Honda HR-V review

Honda may have begun to emerge from the design ruts. At least, so far as its main cars are concerned.

The electric Honda E has made the city car most unique since the original Smart. Even the new Jazz retains a kei-car appeal that the old model lacked. Although these cars are not as popular with petrolheads, they now sit comfortably alongside the instantly recognisable Honda sports cars, the NSX, and Civic Type R.

The HR-V is the most recent model to get a makeover. This crossover, which was previously unknown, has been a significant engine room for Honda in terms global sales volumes. The car is in the same category as the Renault Captur and Peugeot 2008, but its main competitors are the Nissan Qashqai, Volkswagen T-Roc, and the Volkswagen T-Roc. This is a highly populated class with plenty of competition for HR-V. Honda has therefore pulled out all the stops to create a coupe-mimicking crossover.

The third-generation HRV has a very sleek design. We’ll get to that in a moment. However, it is hybrid-only, as indicated by the e:HEV element of its name. It can drive at highway speeds like an EV, but it uses its motor alone on the motorway for maximum efficiency. On routes that are somewhere in between, it blends both engines. In this sense, it follows the hybrid-only Jazz. The HR-V is Honda’s most significant step on the road to electrifying all its European mainstream models by 2022.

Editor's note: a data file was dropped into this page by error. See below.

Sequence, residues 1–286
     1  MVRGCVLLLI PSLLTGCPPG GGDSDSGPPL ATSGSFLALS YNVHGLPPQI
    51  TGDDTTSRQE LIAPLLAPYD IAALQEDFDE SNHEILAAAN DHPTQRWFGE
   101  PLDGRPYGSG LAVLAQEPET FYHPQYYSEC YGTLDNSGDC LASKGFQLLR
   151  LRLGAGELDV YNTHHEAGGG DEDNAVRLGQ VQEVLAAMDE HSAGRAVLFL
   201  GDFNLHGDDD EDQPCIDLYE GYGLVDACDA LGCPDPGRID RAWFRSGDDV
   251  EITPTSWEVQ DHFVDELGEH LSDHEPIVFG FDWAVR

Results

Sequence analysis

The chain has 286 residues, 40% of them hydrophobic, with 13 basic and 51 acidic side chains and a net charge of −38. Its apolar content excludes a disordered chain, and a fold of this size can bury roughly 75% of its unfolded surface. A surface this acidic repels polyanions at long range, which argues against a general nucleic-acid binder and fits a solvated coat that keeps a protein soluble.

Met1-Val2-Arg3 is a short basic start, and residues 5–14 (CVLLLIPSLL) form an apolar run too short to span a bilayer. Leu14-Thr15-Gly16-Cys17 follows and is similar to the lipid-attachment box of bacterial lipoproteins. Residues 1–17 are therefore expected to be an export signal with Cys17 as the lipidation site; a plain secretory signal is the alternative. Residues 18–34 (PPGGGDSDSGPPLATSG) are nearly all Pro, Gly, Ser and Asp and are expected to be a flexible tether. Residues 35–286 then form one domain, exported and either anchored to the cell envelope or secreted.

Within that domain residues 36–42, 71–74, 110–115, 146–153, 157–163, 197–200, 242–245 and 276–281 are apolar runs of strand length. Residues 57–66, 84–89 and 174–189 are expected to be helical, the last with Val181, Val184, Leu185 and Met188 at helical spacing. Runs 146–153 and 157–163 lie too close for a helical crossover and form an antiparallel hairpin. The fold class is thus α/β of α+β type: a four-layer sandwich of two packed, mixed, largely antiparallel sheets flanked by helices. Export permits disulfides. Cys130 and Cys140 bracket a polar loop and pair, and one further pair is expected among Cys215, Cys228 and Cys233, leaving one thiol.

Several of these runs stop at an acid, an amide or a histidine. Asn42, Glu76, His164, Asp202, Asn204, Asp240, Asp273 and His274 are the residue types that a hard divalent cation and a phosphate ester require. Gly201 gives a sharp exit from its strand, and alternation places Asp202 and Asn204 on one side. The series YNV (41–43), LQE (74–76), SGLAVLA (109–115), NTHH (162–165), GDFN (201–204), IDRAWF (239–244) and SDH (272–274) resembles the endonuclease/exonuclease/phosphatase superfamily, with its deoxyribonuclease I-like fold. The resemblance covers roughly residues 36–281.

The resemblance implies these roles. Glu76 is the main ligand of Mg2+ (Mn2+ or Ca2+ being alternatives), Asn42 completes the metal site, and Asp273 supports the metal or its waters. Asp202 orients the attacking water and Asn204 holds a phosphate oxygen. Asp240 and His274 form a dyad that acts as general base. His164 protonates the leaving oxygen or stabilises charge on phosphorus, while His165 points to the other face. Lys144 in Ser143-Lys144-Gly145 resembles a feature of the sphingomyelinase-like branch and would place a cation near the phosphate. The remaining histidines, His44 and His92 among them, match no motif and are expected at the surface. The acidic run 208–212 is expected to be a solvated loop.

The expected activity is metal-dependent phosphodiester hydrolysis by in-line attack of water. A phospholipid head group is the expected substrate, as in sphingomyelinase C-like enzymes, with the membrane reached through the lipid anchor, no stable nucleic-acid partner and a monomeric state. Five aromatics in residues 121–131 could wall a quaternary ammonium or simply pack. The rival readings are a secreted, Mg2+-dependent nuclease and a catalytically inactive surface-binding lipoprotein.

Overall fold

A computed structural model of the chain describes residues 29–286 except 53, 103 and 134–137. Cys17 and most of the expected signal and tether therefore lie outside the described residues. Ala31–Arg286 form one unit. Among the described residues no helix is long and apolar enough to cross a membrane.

Honda doesn’t aim to create a new aesthetic or improve efficiency. Honda claims that the HR-V is class-leading in terms of cabin comfort and packaging. And, as if all that weren’t enough, it also claims that the HR-V was “engineered for joy of driving”. How true is that claim? Let’s see.

A glance at the Honda HR-V lineup

The original HR-V could be ordered with either a 1.5-litre petrol engine or a 1.6 litre diesel engine. However, neither of these options has been transferred to the new model which comes with Honda’s hybrid powertrain.

There are three trim levels to choose from: Advance Style, Elegance, and Advance Style. All models include Honda’s Magic Seats, the foldable rear bench, and parking sensors. However, only the highest trims have LED lights, a powered tailgate and wireless phone charging.